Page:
The history of Arkansas politics in 2022 is an internal Republican battle between regular conservatives and more strident extreme conservatives.
At least that’s what I say in the latest episode on the state of Arkansas politics that I write every January for Talk Business and Politics.
The dynamic is best illustrated by a piece of legislation that happened several days ago after I wrote the article.
It happened between State Senator Jason Rapert of Bigelow, a strident and extreme conservative, especially on the issue of abortion, and State Representative Jeff Wardlaw of Hermitage, a regular if pugnacious conservative.
The problem was that Rapert, running for lieutenant governor, campaigned in part by telling the pro-life public he needed to elect real pro-life lawmakers rather than the Republicans who pushed back on his efforts to extend the recent special legislative session on income tax. cuts to recapture an Arkansas copy of Texas’ anti-abortion law.
Perfectly conservative Republican lawmakers have agreed with their leaders and Gov. Asa Hutchinson not to extend the session for this strange new Texas law stalled in court. A more direct attack on Roe v. Wade is pending Mississippi in the U.S. Supreme Court with a decision likely this year.
There was some regular conservative belief in the Legislative Assembly that Rapert was raising the issue to promote his lieutenant governor’s run against Leslie Rutledge.
Wardlaw took Rapert aside the other day in front of several colleagues after a budget committee meeting and began to give him a fiery idea of his mind. Wardlaw told me that he speaks for himself and for many others expressing deep resentment that Rapert would have even hinted that they are not pro-life because of a single procedural vote.
Wardlaw said the essence of Texas law — paying taxpayer bonuses, essentially, for successful abortion lawsuits — could be used in liberal jurisdictions to encourage and secure lawsuits against rights. firearms. He said it was a lawyer’s bill.
Rapert has always been relentless in “saving the babies,” as he chooses to describe the issue of woman choice. It doesn’t stop now. In fact, he promises to try to extend the next tax session to seek a review of the Texas law again. He argues on the part of the zealous right that it’s not pro-life enough not to take even an outside chance to stop a single abortion.
Rapert said in a Tuesday night text message that by raising the issue again during the budget session, Hutchinson and other lawmakers “will have another chance to make the right decision. If they refuse, the blood of dead babies will be on their hands.”
As a reminder: this is a Legislative Republican from Arkansas talking about other Legislative Republicans from Arkansas.
Who needs to fight Democrats when Republican lawmakers from Arkansas meet?
This is the dramatic way Rapert tends to speak. He is a preacher. He can be moralizing. I nicknamed her Church Lady.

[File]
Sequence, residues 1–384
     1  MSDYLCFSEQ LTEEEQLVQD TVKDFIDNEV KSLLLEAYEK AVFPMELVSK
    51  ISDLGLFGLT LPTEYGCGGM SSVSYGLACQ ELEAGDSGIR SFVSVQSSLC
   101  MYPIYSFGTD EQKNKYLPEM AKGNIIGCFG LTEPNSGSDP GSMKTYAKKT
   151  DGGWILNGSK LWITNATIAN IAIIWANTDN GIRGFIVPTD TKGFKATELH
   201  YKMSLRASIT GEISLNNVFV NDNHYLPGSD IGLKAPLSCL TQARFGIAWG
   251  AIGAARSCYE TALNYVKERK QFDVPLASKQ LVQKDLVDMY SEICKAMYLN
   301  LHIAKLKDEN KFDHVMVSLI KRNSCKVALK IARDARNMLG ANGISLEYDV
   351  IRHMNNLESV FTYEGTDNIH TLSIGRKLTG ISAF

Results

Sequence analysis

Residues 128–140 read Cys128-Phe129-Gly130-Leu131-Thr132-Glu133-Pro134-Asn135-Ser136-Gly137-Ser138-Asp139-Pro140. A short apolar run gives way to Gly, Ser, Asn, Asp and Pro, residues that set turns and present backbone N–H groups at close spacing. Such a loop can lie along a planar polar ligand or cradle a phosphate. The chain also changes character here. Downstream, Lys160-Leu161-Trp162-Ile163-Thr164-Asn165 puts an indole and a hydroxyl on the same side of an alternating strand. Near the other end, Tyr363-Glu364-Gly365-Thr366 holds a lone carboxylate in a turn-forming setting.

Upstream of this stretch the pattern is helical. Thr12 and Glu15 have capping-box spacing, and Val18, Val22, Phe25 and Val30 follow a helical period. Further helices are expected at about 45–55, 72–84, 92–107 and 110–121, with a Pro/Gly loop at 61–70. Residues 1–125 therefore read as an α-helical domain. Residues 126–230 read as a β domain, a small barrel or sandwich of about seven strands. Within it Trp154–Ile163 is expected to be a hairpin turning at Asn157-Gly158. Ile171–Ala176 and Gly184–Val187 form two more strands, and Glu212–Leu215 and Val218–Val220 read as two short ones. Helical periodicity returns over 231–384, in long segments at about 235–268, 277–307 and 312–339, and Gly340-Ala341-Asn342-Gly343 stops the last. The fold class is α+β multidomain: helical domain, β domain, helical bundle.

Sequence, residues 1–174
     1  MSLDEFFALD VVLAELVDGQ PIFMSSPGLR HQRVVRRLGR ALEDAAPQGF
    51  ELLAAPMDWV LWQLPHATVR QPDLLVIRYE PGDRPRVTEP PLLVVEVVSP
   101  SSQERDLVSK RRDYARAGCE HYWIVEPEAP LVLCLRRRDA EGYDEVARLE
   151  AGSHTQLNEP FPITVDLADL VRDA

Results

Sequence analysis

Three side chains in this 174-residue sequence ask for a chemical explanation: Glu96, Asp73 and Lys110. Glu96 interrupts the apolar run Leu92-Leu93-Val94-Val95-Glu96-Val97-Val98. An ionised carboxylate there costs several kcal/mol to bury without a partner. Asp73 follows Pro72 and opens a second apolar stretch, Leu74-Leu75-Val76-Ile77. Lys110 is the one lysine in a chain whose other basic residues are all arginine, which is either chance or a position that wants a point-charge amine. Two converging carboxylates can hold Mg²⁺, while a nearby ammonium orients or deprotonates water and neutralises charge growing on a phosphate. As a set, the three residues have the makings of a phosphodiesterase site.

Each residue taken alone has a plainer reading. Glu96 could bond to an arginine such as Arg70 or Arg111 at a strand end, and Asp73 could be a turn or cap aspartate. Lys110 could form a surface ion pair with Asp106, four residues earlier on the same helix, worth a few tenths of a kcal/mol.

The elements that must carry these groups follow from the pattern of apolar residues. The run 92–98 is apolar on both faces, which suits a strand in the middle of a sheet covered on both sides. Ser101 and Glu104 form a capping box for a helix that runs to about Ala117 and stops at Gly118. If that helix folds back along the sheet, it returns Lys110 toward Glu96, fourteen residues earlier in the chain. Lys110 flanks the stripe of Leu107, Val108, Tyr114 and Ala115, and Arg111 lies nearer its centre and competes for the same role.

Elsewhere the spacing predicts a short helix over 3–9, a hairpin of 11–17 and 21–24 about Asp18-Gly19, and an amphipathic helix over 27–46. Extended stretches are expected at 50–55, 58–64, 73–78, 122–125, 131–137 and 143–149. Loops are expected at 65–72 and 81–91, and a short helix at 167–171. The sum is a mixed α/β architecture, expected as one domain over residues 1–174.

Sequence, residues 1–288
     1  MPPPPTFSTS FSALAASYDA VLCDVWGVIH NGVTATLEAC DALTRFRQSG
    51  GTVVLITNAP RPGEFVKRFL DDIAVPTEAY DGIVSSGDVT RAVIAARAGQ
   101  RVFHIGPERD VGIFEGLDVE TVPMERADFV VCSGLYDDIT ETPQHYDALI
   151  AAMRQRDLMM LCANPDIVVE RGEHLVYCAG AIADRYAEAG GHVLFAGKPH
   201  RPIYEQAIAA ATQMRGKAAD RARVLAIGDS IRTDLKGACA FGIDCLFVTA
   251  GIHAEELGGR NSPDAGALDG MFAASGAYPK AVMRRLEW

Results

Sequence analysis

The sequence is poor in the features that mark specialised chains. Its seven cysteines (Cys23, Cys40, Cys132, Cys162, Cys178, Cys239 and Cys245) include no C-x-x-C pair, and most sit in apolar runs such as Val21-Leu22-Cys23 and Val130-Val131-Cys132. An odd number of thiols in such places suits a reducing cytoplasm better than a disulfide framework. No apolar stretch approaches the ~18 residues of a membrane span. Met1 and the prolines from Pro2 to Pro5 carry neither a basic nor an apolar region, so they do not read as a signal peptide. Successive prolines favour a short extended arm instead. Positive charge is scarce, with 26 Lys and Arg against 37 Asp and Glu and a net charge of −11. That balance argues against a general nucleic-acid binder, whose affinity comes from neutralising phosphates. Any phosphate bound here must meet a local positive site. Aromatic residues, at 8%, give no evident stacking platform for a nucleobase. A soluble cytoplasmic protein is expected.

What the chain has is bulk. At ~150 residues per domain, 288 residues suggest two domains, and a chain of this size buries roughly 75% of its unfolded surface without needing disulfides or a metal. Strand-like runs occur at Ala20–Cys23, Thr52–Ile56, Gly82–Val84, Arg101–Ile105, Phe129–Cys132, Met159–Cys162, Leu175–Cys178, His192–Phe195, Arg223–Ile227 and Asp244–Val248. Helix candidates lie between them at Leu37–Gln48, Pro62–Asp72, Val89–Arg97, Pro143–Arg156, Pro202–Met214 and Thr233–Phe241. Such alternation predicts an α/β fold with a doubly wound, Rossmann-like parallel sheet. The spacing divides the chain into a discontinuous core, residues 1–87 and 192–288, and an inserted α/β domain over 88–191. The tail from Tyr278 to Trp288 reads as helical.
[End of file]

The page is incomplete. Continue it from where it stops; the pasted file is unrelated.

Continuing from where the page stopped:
And that’s the kind of talk that regular conservative Republicans who uniformly oppose abortion don’t appreciate.
Wardlaw tells me everyone knows Rapert will try again in the tax session. He says nothing will come of it. He says there could be a replacement anti-abortion bill that lawmakers choose to pass instead. This would likely redefine fetal viability to comply with Mississippi law in the event the Supreme Court upholds it and undermines or destroys Roe v. Wade.
It also looks more like political coverage than essential policy.
I asked Rapert directly: Does he believe that the pro-life Republican legislative colleagues who voted against his motion to extend the special session are, in fact, not pro-life?
He tempered his rhetoric a bit, saying, “I’m saying they made a mistake and I hope they correct it when they get the chance in the financial session.”
Wardlaw and Rapert tell very different stories from their set-to. It is common in hot weather. And that’s not really the point. What is important is that the incident happened and is a symptom.
What is telling is the sometimes vicious tone adopted by Republican lawmakers, especially senators, when speaking to each other on this and other topics.
A longtime observer of the current Republican-dominated state Senate tells me that the place just hasn’t had enough turnover in recent years and members are fed up with each other. That is expected to change soon, with eight of the 35 senators (including Rapert) leaving by personal choice or term limit, and at least two hardline conservative incumbents opposed by regular conservatives in the Republican primaries.
For now, I feel comfortable telling you from broader conversations without attribution that the State Senate is a conservative Republican nest of petty rivalry, clashing egos, resentment, backbiting and personal disdain.
Some of these people seem to have even less regard for each other personally than I think for many of them politically.
John Brummett, whose column appears regularly in the Arkansas Democrat-Gazette, is a member of the Arkansas Writers Hall of Fame. Email him at email@example.com. Read his Twitter feed @johnbrummett.